Hugo L. Black:

Are you suggesting anything that if you could — do you think could be better than that in connection with such a wide authority and discretion as it (Inaudible) Commission in this case?

Philip A. Loomis, Jr.:

I think this is perfectly satisfactory test, Mr. Justice Black.

Potter Stewart:

Well, which one?

Philip A. Loomis, Jr.:

The one that on (Inaudible)

They’re going settle, aren’t they?

Hugo L. Black:

I would ask you about the one the Commission (Voice Overlap) —

Philip A. Loomis, Jr.:

Yes, the one in the Commission’s opinion, 1260 —

(Inaudible)

Byron R. White:

Which one in the opinion brief?

Just taking out (Inaudible)

Philip A. Loomis, Jr.:

The one of 1262 or 1263 was the one that I —

Potter Stewart:

Is that the same one on those two pages?

Philip A. Loomis, Jr.:

It’s — it carries over on bottom of one page to the top of the next.

William O. Douglas:

Is that in this case?

Philip A. Loomis, Jr.:

No, that — yes, that is in this case.

That’s the Commission’s opinion in this case.

William O. Douglas:

And that’s substantially whether what they said in the Engineer’s?

Philip A. Loomis, Jr.:

It’s almost identical.

They — he were — used the words serious impairment.

I don’t think the words economies so important is the cause of a serious impairment used in Engineer’s, Engineer had simply said loss of the economy —

Earl Warren:

Well, it’s a difficult to hear you, it’s a little different (Voice Overlap) —

Philip A. Loomis, Jr.:

What is it?

Earl Warren:

— talk to hear you, I was —

Philip A. Loomis, Jr.:

Yes, excuse me.

Earl Warren:

Speak up a little louder.

Philip A. Loomis, Jr.:

It was the same I believe Mr. Justice Douglas.

They referred to serious impairment of the system in Engineer’s as well in 1942,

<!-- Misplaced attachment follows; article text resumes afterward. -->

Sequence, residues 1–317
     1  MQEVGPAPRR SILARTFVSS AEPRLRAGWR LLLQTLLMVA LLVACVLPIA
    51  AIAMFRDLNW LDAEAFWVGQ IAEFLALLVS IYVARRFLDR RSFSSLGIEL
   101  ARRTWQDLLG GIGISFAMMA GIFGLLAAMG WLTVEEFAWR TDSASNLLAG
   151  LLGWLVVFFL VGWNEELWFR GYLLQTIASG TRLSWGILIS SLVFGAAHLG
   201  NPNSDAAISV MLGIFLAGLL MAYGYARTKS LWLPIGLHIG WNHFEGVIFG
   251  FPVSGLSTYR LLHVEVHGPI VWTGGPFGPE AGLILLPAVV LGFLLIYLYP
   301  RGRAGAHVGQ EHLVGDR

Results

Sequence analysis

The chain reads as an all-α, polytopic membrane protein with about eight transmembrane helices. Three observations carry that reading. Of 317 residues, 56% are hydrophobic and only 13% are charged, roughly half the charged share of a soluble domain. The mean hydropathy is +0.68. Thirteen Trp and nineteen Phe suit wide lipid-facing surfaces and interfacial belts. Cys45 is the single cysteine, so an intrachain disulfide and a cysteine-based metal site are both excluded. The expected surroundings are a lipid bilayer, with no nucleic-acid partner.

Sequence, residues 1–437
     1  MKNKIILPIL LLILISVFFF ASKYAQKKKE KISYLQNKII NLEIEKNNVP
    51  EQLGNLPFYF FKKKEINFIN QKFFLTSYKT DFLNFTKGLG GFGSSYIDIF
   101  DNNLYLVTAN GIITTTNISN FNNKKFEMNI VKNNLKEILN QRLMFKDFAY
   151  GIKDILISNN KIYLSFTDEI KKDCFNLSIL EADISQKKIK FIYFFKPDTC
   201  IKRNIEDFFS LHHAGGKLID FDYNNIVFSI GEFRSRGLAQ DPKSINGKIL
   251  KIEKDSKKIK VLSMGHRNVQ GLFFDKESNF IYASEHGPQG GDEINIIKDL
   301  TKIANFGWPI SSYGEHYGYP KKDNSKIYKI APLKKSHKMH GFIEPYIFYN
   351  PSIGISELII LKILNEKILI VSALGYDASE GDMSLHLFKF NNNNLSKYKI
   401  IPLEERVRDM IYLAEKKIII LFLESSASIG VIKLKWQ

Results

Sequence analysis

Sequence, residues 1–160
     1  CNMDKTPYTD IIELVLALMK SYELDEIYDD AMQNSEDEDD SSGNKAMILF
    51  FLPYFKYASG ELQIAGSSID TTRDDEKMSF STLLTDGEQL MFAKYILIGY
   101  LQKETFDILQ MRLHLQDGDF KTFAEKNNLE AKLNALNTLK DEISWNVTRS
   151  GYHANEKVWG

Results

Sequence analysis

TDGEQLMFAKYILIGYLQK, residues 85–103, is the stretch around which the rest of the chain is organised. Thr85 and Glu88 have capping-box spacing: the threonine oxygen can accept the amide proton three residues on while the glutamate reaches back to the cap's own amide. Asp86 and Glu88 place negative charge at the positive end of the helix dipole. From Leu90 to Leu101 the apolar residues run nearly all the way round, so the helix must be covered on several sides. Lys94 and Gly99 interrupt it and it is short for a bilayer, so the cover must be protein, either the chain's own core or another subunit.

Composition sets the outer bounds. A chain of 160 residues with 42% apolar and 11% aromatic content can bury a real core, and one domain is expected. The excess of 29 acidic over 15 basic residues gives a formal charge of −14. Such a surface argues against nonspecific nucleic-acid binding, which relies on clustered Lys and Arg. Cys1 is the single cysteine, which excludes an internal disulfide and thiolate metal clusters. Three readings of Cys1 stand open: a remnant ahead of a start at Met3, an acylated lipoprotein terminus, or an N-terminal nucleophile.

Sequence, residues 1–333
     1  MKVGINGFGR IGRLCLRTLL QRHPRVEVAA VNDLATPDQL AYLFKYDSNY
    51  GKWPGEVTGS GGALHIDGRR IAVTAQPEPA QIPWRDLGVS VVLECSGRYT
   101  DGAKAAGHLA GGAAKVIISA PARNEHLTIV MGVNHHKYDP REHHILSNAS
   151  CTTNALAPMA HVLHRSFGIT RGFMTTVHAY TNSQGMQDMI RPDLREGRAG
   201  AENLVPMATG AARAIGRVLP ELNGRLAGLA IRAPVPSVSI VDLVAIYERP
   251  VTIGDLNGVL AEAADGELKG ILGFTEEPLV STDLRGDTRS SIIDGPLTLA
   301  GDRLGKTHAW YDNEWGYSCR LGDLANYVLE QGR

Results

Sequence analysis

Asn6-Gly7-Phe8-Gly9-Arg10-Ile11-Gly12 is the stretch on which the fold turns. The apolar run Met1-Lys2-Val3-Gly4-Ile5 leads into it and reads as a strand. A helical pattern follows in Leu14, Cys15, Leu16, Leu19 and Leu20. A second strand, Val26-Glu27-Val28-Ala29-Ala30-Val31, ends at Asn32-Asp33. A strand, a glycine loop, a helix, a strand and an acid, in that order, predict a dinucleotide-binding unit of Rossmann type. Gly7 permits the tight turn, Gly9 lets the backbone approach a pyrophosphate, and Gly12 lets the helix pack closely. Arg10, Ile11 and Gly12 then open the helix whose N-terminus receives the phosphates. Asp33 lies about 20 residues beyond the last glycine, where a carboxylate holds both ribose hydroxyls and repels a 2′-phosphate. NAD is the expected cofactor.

William O. Douglas:

Well, if they were making an 8% return in the integrated company, the holding company system then would make a 1% return separate — that would be a serious requirement?

Philip A. Loomis, Jr.:

I should think — it might be unless the offsetting advantages of competition made it unlikely that the impairment would be that serious.

Philip A. Loomis, Jr.:

Now — finally in regard to the construction of the Act and the words that the argument that Mr. Quarles announced with reference to the words.

This Court in the Joiner case which is also involving one of our statutes stated that it would construe the details of an Act in conformity with it’s dominating general purpose will read the text in the light of context and we’ll interpret the text insofar as the meaning of the words fairly permits so as to carry out in particular cases the generally expressed legislative policy.

I think that the same should be done here.

I think that — further the — as Mr. Justice Fortas pointed out the context in 11 (b) (1), in which the word substantial economies is used is somewhat different than it is in 2 (a) (29) and that in turn — because the 11 (b) (1) refers to a situation where the systems cannot — again that word is used be operated as an independent system without the loss of substantial economies and then it goes on to say which can be secured by the retention of control which the latter phrase, I think means, primarily that retention isn’t justified if the economies would not be retained even if not be secured, even if the holding company control was retained.

So the fundamental test is it cannot be operated as an independent system without the loss of substantial economies.

Finally, I wanted to correct one possible misinterpretation.

I was asked if the Commission has ever permitted the retention of gas and electric properties together.

It has its several types of situations but I was unable to discover during the recess a situation where it had done so in Section 11 (b) case and there may not be yet.

Thank you.